Ben Brantley of the New York Times called the show the worst of the decade's spate of jukebox musicals, writing that it gave Dylan's work a "systematic steamrolling[.]" He criticized the show for taking the "metaphoric images" of Dylan's work, "which float miragelike when heard in song," and "[nailing them] down with literal visual equivalents" - and therefore, "even as the dancers seem to fly, Mr. Dylan's lyrics are hammered, one by one, into the ground."[13]

David Rooney of Variety wrote that "Tharp [...] has no idea how to make the songs dynamic, either planting the singers in declamatory deadlock or having them stride about aimlessly while assorted clowns skip, tumble, flip and bounce on the trampoline surfaces of Santo Loquasto’s junkyard set," so that "even when the songs do summon some emotional intensity, all the awkward, hokey buffoonery going on in the background (in unfortunate Leigh Bowery-esque costumes and makeup) smothers it." He also criticized the show's "[h]o-hum," "generic father-son plot."[12]

Frank Scheck of the Hollywood Reporter wrote that the show "plays like an overconceived concert, with Tharp's choreography, as vibrant and physical as it is here, lacking the variety of her earlier work";[14] Scott Brown of Entertainment Weekly called the production "utterly wrongheaded," with Tharp demonstrating that "she clearly has no choreographic bond with [Dylan's] music";[10] Rob Sheffield of Rolling Stone wrote that "[i]t’s hard to describe the show without making it sound like a stoned nightmare," and that "the Broadway belters have no feel for Dylan’s meter or melodies; they just ham up the songs with dumb touches like Ahrab grinding his hips as he sings, 'She makes love just like a woman!'";[15] Terry Teachout of The Wall Street Journal called the show "so bad that it makes you forget how good the songs are," with "prettified singing" that was "all wrong," and wrote that "if you went to see this show knowing nothing about [Tharp], you'd go home assuming that she was a pretentious buffoon."[9]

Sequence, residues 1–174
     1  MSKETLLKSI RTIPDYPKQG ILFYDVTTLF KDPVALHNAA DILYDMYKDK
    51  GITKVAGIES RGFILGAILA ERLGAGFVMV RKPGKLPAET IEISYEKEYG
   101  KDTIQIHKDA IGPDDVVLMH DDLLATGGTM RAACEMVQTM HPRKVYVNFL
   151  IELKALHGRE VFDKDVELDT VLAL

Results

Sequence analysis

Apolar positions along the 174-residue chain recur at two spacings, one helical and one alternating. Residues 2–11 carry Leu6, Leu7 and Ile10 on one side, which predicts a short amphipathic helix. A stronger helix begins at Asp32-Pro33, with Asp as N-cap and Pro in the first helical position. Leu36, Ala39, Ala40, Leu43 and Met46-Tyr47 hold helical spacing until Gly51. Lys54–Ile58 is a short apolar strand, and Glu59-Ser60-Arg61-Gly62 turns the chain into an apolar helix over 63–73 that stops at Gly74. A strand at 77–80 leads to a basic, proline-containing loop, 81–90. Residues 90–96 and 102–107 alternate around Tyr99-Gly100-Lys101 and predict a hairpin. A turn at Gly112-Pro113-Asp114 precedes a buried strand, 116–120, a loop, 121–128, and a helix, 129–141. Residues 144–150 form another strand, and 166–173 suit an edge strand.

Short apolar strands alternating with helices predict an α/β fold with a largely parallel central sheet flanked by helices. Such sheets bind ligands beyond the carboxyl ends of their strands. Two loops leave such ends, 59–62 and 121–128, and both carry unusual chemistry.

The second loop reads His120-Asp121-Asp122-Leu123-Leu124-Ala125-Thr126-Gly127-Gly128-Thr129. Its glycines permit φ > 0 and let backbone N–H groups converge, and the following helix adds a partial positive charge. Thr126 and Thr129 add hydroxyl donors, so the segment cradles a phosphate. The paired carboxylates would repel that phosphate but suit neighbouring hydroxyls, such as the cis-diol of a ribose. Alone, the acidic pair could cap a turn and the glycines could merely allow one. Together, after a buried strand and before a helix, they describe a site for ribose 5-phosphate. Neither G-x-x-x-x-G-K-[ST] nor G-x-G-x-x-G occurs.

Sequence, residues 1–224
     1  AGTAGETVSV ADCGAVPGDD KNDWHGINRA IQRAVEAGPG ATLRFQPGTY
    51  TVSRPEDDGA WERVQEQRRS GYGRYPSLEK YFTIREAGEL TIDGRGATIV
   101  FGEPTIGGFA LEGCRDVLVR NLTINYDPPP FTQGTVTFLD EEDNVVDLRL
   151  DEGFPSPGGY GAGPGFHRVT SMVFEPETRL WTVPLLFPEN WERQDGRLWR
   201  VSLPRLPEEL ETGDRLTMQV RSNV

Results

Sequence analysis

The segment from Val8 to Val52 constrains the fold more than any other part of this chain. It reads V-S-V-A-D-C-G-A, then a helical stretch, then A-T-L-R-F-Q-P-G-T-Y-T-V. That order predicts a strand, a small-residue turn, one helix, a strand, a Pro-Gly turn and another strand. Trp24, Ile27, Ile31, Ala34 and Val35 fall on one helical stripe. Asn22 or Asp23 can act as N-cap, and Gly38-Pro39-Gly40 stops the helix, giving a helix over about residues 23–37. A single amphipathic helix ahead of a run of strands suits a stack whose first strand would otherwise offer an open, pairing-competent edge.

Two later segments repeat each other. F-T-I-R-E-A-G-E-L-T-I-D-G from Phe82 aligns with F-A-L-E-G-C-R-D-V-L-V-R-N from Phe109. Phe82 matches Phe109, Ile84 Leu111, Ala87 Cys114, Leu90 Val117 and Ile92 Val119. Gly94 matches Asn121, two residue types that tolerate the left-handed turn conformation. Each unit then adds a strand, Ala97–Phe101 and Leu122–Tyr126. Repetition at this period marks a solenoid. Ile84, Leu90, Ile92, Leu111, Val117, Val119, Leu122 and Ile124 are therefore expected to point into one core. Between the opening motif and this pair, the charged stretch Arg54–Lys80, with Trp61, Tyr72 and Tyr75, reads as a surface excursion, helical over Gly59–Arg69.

The show closed on November 19, 2006 after 35 previews and 28 performances, and was a financial flop.

Tharp later (as described by the New York Times) expressed regret that she "did not stick closely enough to her instincts in its creation[.]"[16]

See also[edit]

References[edit]

  1. ^ "The Times They Are A-Changin' – Broadway Musical – Original | IBDB". www.ibdb.com. Retrieved 2019-06-11.
  2. ^ Witchel, Alex (October 22, 2006). "To Dance Beneath the Diamond Sky". The New York TImes. Retrieved June 10, 2019.
  3. ^ Tharp, Twyla; Kornbluth, Jesse (2009). The Collaborative Habit. United States of America: Simon & Schuster. pp. 50–51. ISBN 978-1-4165-7650-1.
  4. ^ a b Rosen, Jody (2006-10-27). "Positively 47th Street: Twyla Tharp brings Bob Dylan to Broadway". Slate Magazine. Retrieved 2019-06-11.
  5. ^ Listing at The Old Globe theoldglobe.org, retrieved February 25, 2010
  6. ^ Allen, Morgan.PHOTO CALL: Dylan and Tharp Proclaim The Times They Are A-Changin’ with San Diego Premiere playbill.com, February 2, 2006
  7. ^ a b "The Times They Are A-Changin' Broadway @ Brooks Atkinson Theatre - Tickets and Discounts". Playbill. Retrieved 2019-06-11.
  8. ^ Hernandez, Ernio (November 8, 2006). "Circus Leaves Town: Bob Dylan-Twyla Tharp Musical The Times They Are A Changin' to Close". Playbill. Retrieved 2019-06-11.
  9. ^ a b c Teachout, Terry. "Stuck Inside the Theater With the Broadway Blues Again". WSJ. Retrieved 2019-06-11.
  10. ^ a b Brown, Scott. "The Times They Are A-Changin'". EW.com. Retrieved 2019-06-11.
  11. ^ McCarter, Jeremy (October 26, 2006). "The Times They Are A-Changin' - Emergence-See! -- New York Magazine". New York Magazine. Retrieved 2019-06-11.
  12. ^ a b Rooney, David (2006-10-27). "The Times They Are A-Changin'". Variety. Retrieved 2019-06-11.
  13. ^ Brantley, Ben (2006-10-27). "The Times They Are A-Changin' - Theater - Review". The New York Times. ISSN 0362-4331. Retrieved 2019-06-11.
  14. ^ Scheck, Frank. "Theater review: 'Times They Are A-Changin'". The Hollywood Reporter. Retrieved 2019-06-11.
  15. ^ Sheffield, Rob (2006-11-30). "Bob Dylan Musical: The Times They Are A-Endin'". Rolling Stone. Retrieved 2019-06-11.
  16. ^ Kourlas, Gia (2010-03-05). "Twyla Tharp Returns to Broadway With 'Come Fly Away'". The New York Times. ISSN 0362-4331. Retrieved 2019-06-11.

External links[edit]